The illusionists behind that Tupac cameo at last month’s Coachella music festival can absolutely take credit for changing the game: While high-tech visual projections of the human form weren’t new to concert stages, none had ever caused as big a stir as the visitation of a murdered rapper.
It’s possible that none had ever been deployed so effectively: during a nighttime set in the California desert by West Coast rap icons Snoop Dogg and Dr. Dre, to the astonishment of a crowd of 100,000 people. Seemingly 3-D and free of video-screen boundaries, the pixelated Tupac Shakur banged out rhymes, punched the air and yanked on his gold neck chain in the presence of old gangsta buddies Snoop and Dre. He also reduced the rest of the festival to framing. Is anyone talking excitedly about who else played Coachella?
The living have always had to compete a little harder against the dead in popular music. More so than in movies or books, nostalgia is easily expressed and indulged through the quick-hitting medium of pop. No field cycles faster through fads and revivals or has built as big an infrastructure around its oldies. Meanwhile, instant online access to pretty much everything ever recorded has made music-sharing increasingly “atemporal,” according to the novelist William Gibson. (That songs are still closely tied to their times, and used as shorthand to define decades and eras, is a conundrum for another day.)
Pop always lives in a state of unresolved tension with its ghosts. Forward-looking musicians who complain about the mind share their deceased colleagues enjoy also know there’s fresh sonic ground to be plowed in smart quotation of old recordings. Critics who rail at fetishization of the past will themselves go nuts over a great re-issue or a classic album tour.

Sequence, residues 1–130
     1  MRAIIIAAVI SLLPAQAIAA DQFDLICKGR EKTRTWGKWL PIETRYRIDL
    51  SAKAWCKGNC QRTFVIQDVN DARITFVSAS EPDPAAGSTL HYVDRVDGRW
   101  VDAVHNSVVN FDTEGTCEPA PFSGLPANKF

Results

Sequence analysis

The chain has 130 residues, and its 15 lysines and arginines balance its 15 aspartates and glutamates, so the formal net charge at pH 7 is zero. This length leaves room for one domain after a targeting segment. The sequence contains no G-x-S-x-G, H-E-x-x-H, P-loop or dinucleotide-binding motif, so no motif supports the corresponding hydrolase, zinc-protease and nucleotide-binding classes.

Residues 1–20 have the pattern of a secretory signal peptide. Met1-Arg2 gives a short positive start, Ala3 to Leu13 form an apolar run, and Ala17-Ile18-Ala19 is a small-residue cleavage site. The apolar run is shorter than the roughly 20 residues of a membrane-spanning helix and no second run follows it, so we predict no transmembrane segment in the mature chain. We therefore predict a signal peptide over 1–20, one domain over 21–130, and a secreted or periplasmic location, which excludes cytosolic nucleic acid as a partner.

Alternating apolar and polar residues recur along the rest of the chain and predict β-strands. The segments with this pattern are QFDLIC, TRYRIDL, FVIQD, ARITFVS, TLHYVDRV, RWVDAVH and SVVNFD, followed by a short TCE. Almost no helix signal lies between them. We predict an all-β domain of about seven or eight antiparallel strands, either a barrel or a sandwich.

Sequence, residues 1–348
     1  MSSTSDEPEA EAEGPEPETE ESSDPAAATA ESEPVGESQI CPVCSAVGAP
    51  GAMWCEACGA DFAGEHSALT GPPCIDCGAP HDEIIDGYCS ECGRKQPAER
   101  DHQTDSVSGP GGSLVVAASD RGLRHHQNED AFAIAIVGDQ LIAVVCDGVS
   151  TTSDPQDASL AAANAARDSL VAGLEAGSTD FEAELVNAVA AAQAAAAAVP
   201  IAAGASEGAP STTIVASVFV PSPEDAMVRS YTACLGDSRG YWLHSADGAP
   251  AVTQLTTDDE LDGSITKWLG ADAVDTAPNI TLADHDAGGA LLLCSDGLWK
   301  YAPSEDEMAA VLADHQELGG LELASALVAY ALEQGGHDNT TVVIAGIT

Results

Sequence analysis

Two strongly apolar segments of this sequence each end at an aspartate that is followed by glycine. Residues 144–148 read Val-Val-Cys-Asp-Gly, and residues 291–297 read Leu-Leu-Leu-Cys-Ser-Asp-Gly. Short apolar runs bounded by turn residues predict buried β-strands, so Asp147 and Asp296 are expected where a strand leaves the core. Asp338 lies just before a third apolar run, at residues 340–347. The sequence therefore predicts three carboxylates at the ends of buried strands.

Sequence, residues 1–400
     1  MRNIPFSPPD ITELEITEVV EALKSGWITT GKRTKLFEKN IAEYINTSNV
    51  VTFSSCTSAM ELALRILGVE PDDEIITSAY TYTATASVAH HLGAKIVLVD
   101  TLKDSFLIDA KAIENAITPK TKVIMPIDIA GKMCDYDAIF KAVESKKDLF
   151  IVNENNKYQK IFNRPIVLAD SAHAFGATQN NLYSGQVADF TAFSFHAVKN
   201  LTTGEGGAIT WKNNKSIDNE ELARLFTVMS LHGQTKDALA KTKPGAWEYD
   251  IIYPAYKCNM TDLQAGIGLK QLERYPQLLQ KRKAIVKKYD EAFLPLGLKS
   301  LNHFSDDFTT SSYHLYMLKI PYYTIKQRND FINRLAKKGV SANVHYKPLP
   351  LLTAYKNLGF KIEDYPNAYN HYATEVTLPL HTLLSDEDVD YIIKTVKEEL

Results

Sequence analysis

But something about Tupac materializing mid-stage for an event that didn’t exist in his lifetime — he even name-checked “Coachella” — has given people pause. Commentators admiring the technical achievement, and the show-stopping dramatic effect, also wonder if the late Tupac hasn’t just permanently tipped the scales against flesh-and-blood music-making.
Probably not. At least not yet. There is still a continuum that runs from honoring tradition (new stagings of great operas) to flogging nostalgia (oldies tours featuring no original band members) to committing necrophilia (Graceland). But the question of when and whether we collapse the space between the poles is worth posing. A culture that commits the majority of its resources — money, ingenuity, expertise — to resurrecting its dead idols is headed for extinction. A society needs to invest in the living beings who grow our art forms’ vocabularies.
So what to make of the news that virtual Tupac might tour? If it happens, it will be interesting, and scary, to see whether a binary creation can hit the road and pull a paying audience night after night.
Some observers are wary. The veteran band manager Danny Goldberg told MTV News that it’s one thing to spring a hip-hop ghost on a crowd for a few minutes as part of an old-school rap celebration, but another thing to expect that people will settle in for an evening with a publicized novelty.
It’s a safe bet, however, that somebody’s going to test the proposition. Sales of Tupac albums soared after Coachella. One assumes that record executives, tour promoters, producers of musical reality shows and the estates of dead pop stars are already on it. And the technology behind these re-animations will only improve.